The Amaro family and narcissim

Padre Sandunguero was one of the best and most real SVU eps of Warren Leight’s run, and, IMO, one of the only instances of a personal-based episode (as opposed to case-based) being well done.

One thing this episode absolutely nailed was the dynamics of a family with a narcissistic parent. As a person with a narcissistic mother, a lot of the episode details resounded with me. Even the ones I didn’t experience personally, I could relate to other people I’ve talked to in that situation.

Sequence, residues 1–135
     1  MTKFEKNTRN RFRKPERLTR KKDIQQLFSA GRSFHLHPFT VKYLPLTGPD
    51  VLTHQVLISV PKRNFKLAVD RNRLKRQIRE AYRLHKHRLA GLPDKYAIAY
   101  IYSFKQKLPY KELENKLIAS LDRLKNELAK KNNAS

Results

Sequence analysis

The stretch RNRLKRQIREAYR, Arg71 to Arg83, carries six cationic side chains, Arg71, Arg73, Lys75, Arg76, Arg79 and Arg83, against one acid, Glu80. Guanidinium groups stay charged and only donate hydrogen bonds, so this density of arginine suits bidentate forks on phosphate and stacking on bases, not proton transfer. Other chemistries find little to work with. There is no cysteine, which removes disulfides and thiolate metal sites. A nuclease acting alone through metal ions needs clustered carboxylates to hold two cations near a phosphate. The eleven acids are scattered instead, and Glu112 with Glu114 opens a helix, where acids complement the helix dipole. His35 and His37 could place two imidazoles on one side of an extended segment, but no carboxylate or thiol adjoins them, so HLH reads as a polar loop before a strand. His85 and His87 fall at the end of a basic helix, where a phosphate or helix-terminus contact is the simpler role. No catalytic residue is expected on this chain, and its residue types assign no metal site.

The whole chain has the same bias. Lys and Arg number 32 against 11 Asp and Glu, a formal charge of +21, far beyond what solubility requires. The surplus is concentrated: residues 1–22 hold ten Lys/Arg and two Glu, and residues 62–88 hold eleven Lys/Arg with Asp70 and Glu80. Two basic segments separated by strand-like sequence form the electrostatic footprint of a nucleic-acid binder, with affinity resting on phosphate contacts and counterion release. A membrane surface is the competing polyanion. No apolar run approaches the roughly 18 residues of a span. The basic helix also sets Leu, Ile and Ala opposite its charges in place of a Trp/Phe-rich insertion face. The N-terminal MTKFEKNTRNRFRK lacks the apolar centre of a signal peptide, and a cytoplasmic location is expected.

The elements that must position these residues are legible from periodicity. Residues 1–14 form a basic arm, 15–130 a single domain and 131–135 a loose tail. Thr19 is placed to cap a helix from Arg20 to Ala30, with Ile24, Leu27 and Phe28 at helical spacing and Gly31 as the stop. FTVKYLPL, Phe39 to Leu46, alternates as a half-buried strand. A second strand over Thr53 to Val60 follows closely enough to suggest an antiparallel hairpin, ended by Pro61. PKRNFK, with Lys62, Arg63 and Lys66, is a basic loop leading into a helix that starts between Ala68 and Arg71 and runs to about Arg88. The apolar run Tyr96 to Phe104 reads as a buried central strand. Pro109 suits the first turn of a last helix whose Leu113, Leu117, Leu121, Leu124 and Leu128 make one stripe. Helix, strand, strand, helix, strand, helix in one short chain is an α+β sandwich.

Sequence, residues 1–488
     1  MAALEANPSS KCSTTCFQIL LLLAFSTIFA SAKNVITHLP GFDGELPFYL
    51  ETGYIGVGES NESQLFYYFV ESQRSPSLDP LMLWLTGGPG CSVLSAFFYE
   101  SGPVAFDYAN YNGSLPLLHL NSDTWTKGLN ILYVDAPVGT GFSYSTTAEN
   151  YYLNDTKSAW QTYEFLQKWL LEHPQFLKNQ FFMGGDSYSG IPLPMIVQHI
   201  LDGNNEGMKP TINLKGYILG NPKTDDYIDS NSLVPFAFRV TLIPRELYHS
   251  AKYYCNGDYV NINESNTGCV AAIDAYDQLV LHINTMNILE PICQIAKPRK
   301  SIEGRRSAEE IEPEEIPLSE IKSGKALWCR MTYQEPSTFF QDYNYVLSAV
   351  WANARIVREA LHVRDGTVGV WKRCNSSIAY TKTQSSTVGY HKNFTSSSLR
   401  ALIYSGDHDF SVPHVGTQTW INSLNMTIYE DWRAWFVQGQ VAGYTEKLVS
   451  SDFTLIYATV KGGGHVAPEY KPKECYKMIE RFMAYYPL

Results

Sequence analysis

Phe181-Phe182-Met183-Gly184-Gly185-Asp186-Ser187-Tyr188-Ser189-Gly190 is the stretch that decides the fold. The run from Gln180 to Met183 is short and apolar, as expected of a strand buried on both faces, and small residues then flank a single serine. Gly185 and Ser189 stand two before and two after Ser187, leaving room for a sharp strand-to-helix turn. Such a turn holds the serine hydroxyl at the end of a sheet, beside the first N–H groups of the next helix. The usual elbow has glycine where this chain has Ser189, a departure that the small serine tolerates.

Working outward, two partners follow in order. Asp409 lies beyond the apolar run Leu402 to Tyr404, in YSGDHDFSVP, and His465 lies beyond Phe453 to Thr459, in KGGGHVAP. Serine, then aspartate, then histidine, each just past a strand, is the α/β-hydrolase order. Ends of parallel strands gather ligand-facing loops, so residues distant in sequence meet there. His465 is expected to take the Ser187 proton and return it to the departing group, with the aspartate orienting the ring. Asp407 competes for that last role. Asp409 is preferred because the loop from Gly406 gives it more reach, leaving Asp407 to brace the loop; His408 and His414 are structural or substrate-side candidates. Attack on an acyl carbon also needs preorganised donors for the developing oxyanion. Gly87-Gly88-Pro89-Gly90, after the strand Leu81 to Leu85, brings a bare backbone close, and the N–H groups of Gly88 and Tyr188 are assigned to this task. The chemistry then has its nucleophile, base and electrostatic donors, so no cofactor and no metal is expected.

Here are some traits and behaviors that prove Nick’s dad as a narcissist. (Also, please note that while some of the characteristics could apply to abusers who aren’t Ns, in the interest of time I won’t make that distinction. Other parts of his personality prove he’s committing narcissistic abuse specifically, not just “regular” abuse.)

1: Scapegoat/Golden Child

Nick’s father was horrible to him, but his sister escaped unscathed. N-parents are well known for their way of picking a child or children to be the Scapegoat, the one responsible for ALL their problems, and a Golden Child, the one who can do no wrong. The roles may be picked from birth for any reason or none at all, really, and the N may not even do this consciously.